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Post by rj3 on Tue Mar 31, 2015 8:48 pm

I would add that you might want to try something that's popular where you live and see if you like it.

I can sense a bit of an attitude of superiority toward the locals due to your travel and their lifestyles, which bore you. Not everybody can afford to travel! But that doesn't mean that you can't find something in common with at least a few people if you reach out.

Do you have an interest in outdoor pursuits, from fishing to restoring hiking trails? Do people volunteer? Does the political party of your choice have local candidates ? Sounds like they may need you! Bar trivia?

You'll save yourself a lot of loneliness if you don't think of yourself as some sort of alien on a strange planet. Everyone puts their pants on one leg at a time. There are lots of good, friendly, reliable people around you and I'm pretty sure you speak the language. Learn more about them.

This isn't to take away from what others have said. It's important to keep in touch with old friends and a weekend out of town can really re-set your attitude.

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Post by eselle28 on Tue Mar 31, 2015 9:10 pm

InkAndComb wrote:
I never thought about visiting a nearby town, that's something I'll have to look into.  I think I'll also start a fund for going back home; it's a 2 hour drive but mother of all things that are soft and furry,  I need it Sad

I haven't thought about checking out the local democrat org, def going to look into that as well! When it comes to finding little niches like the brewers and farmers markets, does everyone just sort of...show up to local events? Should I do research?

Going to other nearby towns is kind of a way of life in smaller communities! It at least gives you more resources. And that fund definitely sounds like a good idea!

I would definitely do some research. The events section of the online edition of the local paper (and maybe the papers of communities nearby that are a reasonable distance and that seem like decent prospects) and any free newspapers your community has (even if they're conventional ones rather than marketed as alternative) are good resources, and I've found some things just by popping the name of my town into Facebook and seeing what groups come up. If you have a dull couple of hours someday, you might also want to check out the bulletin boards at any coffee shops, libraries, book stores, or other cultural institutions. Basically, you might want to think of this as a project, and as one that's a bit long term in nature.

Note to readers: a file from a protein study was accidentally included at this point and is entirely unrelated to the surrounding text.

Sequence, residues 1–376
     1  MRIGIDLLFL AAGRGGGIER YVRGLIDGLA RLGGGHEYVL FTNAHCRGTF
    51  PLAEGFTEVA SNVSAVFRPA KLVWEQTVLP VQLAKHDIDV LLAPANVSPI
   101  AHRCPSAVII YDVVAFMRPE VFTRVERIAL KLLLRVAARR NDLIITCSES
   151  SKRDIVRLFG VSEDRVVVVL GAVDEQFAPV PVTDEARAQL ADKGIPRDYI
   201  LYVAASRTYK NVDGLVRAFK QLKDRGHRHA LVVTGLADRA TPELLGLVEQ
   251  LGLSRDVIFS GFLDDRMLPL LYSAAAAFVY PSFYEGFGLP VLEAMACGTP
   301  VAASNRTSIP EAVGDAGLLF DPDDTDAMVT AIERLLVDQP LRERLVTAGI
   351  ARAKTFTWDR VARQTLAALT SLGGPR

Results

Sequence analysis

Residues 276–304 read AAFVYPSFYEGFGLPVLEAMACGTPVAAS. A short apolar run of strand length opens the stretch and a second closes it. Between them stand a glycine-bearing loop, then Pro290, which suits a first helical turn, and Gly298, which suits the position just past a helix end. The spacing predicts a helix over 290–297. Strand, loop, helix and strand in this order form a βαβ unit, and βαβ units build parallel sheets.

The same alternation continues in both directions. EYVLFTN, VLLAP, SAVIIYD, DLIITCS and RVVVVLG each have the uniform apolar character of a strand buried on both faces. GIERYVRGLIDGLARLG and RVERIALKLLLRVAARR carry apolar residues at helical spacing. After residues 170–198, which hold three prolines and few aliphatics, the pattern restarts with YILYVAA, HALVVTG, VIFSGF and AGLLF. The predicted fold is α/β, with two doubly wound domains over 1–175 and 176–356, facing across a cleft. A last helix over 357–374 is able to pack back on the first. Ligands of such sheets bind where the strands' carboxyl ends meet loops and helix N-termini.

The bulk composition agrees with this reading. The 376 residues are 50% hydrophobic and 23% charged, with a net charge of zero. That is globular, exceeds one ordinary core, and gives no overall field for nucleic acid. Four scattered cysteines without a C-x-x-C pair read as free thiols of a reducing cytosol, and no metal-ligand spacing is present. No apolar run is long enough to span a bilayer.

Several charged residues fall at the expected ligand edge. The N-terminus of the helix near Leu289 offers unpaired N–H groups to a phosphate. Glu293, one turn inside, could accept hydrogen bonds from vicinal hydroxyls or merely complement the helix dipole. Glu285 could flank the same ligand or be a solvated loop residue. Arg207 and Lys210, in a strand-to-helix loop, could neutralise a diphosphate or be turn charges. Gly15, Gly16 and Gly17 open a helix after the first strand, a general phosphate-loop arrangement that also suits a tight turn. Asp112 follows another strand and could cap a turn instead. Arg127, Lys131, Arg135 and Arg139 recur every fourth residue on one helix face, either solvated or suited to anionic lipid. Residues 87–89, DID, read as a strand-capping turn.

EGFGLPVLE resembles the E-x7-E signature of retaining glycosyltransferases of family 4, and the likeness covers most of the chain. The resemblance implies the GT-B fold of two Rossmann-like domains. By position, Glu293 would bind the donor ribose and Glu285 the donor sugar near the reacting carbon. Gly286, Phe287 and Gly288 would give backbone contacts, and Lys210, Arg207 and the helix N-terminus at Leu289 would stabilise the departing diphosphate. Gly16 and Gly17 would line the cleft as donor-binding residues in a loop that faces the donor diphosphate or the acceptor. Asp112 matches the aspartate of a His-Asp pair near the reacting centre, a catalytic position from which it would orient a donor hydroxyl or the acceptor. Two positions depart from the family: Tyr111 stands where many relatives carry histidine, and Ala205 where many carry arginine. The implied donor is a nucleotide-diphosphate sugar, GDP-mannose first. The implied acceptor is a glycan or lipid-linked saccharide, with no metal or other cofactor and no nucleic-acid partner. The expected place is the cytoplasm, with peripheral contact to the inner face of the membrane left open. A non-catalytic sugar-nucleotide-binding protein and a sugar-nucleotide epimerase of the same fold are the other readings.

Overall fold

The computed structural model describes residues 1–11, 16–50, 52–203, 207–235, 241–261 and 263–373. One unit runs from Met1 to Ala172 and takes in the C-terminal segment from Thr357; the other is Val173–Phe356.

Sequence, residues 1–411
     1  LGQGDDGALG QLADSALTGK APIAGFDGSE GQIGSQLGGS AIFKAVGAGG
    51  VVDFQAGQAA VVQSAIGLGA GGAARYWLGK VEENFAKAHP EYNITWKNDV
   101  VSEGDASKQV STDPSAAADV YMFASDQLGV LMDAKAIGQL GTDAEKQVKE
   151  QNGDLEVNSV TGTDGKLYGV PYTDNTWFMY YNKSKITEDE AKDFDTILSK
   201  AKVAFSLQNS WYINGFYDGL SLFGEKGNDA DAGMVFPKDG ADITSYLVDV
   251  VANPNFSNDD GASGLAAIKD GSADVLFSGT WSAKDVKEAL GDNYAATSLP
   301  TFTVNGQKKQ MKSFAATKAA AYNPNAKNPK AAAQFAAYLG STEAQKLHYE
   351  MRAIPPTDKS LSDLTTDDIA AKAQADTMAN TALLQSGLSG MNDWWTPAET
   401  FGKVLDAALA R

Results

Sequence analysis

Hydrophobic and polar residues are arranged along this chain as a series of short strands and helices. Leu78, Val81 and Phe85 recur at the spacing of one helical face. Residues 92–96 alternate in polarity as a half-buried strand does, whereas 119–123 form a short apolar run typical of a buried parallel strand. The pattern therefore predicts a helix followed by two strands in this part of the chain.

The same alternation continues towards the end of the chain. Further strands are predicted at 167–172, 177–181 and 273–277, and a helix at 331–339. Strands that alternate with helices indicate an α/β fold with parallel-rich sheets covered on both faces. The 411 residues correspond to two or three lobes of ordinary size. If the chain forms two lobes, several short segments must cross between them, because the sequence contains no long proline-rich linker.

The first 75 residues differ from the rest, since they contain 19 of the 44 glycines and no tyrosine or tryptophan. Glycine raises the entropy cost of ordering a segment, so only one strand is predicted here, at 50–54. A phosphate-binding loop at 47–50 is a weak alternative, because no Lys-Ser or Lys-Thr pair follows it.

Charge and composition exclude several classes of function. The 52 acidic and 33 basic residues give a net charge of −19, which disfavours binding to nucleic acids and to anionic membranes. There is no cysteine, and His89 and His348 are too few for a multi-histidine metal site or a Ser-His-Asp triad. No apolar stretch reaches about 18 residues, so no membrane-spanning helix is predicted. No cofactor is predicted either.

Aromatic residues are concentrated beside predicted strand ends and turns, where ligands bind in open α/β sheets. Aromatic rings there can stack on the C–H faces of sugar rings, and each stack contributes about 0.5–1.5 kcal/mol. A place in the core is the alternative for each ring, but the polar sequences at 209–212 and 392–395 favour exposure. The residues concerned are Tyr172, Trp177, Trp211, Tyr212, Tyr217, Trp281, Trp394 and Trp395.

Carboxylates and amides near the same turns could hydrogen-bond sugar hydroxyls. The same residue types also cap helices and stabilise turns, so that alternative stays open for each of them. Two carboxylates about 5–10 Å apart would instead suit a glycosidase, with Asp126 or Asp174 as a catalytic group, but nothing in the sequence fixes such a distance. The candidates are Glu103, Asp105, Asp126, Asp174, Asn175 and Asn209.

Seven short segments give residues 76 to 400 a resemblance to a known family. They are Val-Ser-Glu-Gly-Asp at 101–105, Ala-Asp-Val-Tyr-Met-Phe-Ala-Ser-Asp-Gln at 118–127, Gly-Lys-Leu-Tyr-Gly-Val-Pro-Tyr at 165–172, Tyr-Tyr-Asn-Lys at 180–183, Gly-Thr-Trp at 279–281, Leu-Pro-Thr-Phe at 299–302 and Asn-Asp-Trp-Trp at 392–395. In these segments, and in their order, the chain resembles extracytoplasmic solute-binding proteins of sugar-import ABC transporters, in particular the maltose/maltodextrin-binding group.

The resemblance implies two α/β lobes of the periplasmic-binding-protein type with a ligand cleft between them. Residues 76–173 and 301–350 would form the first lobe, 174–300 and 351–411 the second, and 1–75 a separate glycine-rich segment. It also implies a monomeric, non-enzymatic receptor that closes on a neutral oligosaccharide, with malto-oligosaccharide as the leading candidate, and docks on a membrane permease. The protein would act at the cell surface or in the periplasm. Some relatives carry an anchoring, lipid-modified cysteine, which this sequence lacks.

The Democrats will be more than happy to just have you show up at the next party meeting, and if you run into some kind of artsy organization that interests you and you have some extra time, you may want to send an email to the contact person letting them know you'd be happy to help out if they ever need any extra people to help out at their events. (Artsy organizations always need people to set up equipment/send out emails/take tickets and especially prize young volunteers.) For things like the farmer's market or a craft brewfest, those relationships build more slowly and informally, so I'd suggest just showing up and seeing if you can make some conversation with people there. It's not the fastest way to meet people, but it is a good way to hear about other resources (I found my book club through the woman I buy homemade jam from). Obviously not everyone at these events might be your sort of person, but it's sometimes good to check them out and see if that's where your local group of people who aren't into the local culture are found.